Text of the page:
Loading
Nun describes simplicity of Pope's retirement monastery
By Estefania Aguirre

.- One of the nuns that lived in the monastery where the Pope will retire says his choice shows his “great simplicity” because it “is not a work of art or comparable with other Vatican buildings.”

“His decision to retire has surprised me, but he is very brave, although he is fragile and elderly,” said the nun from the Order of the Visitation of Holy Mary, who requested anonymity because of her cloistered life.

“But this decision is proof that he has a very lucid mind,” she stated, adding that “our self love does not allow us to see our own limitations, contrary to what Pope Benedict has done.”
 
“If I loved him before,” she declared, “now I love him even more.”

The sisters led a simple life with no staff. They spent their time praying and, for their 400th anniversary, made liturgical vestments for Pope Benedict to donate to poorer churches.

“One week before we left he asked us: ‘what will the Pope do without you?’ and he asked us to keep praying for him,” said the nun.

“His decision has made us cry, but he has been very brave,” she added.

The monastery, called Mater Ecclesiae, is 4,300 square feet and lies just west of St. Peter’s Basilica.

It contains a chapel, a choir room, a library, a semi-basement, a terrace and a visiting room that was added in 1993.

When Pope Benedict XVI announced on Feb. 11 that he was going to resign from the papacy and live in the convent, speculation began to circulate about when he made his decision, since renovations began in Nov. 2012.

According to the Spanish nun, who currently resides in a convent in Madrid, the building had not been refurbished in 18 years and needed minor repairs.

“We had humidity in the basement, the windows needed changing, and the terrace on top needed fixing and painting because of past snow,” she explained.

“But the building is very small, so they had to wait for us to leave to begin working on it.”

Reflecting on her experience living in the Vatican convent, the Visitation nun said she and her fellow religious felt intensely that they “were the heart of the Church.”

“It was an experience that is very hard to put into words.”

Their mission was to pray for the Pope, for his trips, and accompany him in prayer on a daily basis.

The Spanish nun recalled how Pope Benedict would often thank them for their prayers and regularly checked up on their general well-being.

He originally wanted French nuns to live in the monastery, she explained, but due to the small number of vocations in France he decided it would be better to pick them from Spain.

The monastery was established in 1994 by Blessed John Paul II as a place dedicated solely to prayer for the Pope, his ministry and the cardinals.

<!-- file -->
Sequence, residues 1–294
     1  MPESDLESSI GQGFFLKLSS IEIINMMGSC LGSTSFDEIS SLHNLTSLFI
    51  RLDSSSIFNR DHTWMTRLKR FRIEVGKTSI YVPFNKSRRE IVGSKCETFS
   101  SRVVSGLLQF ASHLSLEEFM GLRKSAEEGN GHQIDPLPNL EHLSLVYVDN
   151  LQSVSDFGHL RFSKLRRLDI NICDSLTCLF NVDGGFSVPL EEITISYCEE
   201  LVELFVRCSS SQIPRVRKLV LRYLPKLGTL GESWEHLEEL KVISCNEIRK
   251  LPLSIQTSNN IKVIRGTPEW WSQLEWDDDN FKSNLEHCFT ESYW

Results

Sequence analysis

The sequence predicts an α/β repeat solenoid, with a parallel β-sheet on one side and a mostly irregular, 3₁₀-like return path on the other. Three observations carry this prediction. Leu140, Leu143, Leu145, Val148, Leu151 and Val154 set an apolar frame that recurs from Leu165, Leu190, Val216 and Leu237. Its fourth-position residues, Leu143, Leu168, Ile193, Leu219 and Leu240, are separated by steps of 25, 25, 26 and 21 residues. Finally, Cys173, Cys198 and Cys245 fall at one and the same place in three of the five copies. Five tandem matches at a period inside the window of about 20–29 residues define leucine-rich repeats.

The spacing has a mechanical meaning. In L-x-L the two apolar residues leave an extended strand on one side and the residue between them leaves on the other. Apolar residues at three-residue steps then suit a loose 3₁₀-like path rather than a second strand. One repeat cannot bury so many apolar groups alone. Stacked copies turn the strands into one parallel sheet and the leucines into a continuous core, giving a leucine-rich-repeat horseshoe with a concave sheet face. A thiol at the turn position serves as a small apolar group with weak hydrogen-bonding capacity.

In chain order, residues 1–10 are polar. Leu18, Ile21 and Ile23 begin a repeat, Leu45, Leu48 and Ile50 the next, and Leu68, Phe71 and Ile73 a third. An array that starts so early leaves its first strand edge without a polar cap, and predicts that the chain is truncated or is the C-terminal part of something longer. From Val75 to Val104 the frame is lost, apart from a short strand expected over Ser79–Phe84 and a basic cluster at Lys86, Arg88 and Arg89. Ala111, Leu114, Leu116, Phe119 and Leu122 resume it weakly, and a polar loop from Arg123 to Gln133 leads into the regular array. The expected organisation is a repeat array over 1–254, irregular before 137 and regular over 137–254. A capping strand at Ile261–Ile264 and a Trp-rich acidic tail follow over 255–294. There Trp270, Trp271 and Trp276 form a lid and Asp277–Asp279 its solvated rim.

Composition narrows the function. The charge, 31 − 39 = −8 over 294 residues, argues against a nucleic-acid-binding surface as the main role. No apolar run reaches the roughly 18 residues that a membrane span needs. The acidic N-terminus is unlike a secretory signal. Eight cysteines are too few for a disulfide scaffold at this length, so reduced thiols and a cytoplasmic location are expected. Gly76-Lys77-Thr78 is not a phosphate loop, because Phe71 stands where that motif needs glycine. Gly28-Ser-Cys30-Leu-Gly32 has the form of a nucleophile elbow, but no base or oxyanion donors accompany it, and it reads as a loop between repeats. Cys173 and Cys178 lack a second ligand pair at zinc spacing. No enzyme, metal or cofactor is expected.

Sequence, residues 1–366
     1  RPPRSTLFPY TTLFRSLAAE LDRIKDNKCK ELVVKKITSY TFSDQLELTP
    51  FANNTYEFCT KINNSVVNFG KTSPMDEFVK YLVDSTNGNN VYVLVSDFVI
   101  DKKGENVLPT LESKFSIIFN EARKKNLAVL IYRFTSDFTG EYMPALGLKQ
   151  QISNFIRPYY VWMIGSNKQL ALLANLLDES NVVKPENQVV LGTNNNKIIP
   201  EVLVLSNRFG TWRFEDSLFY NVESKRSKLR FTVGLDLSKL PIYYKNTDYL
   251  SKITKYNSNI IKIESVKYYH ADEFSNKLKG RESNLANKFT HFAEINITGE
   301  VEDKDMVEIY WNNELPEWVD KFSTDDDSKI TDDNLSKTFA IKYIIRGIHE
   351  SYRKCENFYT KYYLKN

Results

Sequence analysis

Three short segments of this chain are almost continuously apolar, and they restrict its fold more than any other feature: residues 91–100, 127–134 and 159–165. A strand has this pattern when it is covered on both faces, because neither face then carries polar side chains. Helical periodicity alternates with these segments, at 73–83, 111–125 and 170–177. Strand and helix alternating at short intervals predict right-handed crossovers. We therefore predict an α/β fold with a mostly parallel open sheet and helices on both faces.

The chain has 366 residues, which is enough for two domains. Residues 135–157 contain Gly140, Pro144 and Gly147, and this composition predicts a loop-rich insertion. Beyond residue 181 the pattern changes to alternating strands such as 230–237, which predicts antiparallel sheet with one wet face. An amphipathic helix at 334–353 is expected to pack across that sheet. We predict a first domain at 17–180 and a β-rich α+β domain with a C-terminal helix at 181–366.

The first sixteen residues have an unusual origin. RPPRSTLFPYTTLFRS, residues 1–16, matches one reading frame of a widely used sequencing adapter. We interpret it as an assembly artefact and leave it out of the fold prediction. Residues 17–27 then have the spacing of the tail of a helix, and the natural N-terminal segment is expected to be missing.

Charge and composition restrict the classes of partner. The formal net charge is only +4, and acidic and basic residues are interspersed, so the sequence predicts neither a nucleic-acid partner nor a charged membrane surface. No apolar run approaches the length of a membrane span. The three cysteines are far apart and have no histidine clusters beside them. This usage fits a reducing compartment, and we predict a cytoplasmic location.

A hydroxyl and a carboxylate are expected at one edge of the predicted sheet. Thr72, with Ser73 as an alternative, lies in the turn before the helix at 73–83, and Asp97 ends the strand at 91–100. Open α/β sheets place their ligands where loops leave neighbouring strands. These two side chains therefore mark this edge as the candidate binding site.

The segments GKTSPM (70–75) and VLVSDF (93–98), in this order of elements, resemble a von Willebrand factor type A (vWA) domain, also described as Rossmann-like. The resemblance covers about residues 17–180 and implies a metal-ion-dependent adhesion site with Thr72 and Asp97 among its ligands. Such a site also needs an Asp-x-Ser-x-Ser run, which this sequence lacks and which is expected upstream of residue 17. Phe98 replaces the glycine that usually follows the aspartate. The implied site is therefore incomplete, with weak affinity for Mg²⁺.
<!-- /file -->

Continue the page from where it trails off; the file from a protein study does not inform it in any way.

The order of the Visitation of St. Mary was picked from among many other religious groups to live in the monastery from Oct. 7, 2009 until Oct. 7, 2012.

Their stay was extended for 15 days and they left the monastery on Oct. 22, just after Bl. John Paul’s feast day.

The seven sisters all came from convents in Spain, but one was from Colombia and another from Equatorial Guinea.

Tags: Pope Benedict, Pope Resignation

Ads by AdsLiveMedia(What's this?)

* The number of messages that can be online is limited. CNA reserves the right to edit messages for content and tone. Comments and opinions expressed by users do not necessarily reflect the opinions or beliefs of CNA. CNA will not publish comments with abusive language, insults or links to other pages

Related News:

RESOURCES »

Ads by Google (What's this?)

Featured Videos

Pilgrimage from Czech Republic to Assisi and Rome for intentions
Pilgrimage from Czech Republic to Assisi and Rome for intentions
Testimony of young Indian who met Pope in Korea
Preparations of the Closing Mass of 6th Asian Youth Day
Missionary of Charity, Korea
Testimony of Christian Love during Pope's Visit to Korea
Religious Sisters in South Korea react to Pope Francis kissing a baby
Warm atmosphere during Holy Mass at Daejeon World Cup Stadium
Images inside Pope Francis flight to South Korea
The tombs of the early Christians
Missionaries of Africa, called "the White Fathers"
Italian youth give testimony after mission to Peru
Interview with Iraqi Ambassador to the Holy See on the persecution of Christians
New book 'The Vatican unknown'
A Look at India from Rome
3D Church mapping
#PAUSEforPeace Initiative
Dedicating art to San Juan de la Cruz
A state without territory elects new government
The renewal of the Legionaries of Christ
Presentation of the book "The Pastor"
Sep
2

Liturgical Calendar

September 2, 2014

Tuesday of the Twenty-Second Week in Ordinary Time

All readings:
Today »
This year »

Catholic Daily

Gospel of the Day

Lk 4:31-37

Gospel
Date
09/02/14
09/01/14
08/31/14

Daily Readings


First Reading:: 1 Cor 2:10B-16
Gospel:: Lk 4:31-37

Saint of the Day

Martyrs of September »

Saint
Date
08/31/14

Homily of the Day

Lk 4:31-37

Homily
Date
09/02/14
09/01/14
08/31/14
     HTML
Text only
Headlines
  

Follow us: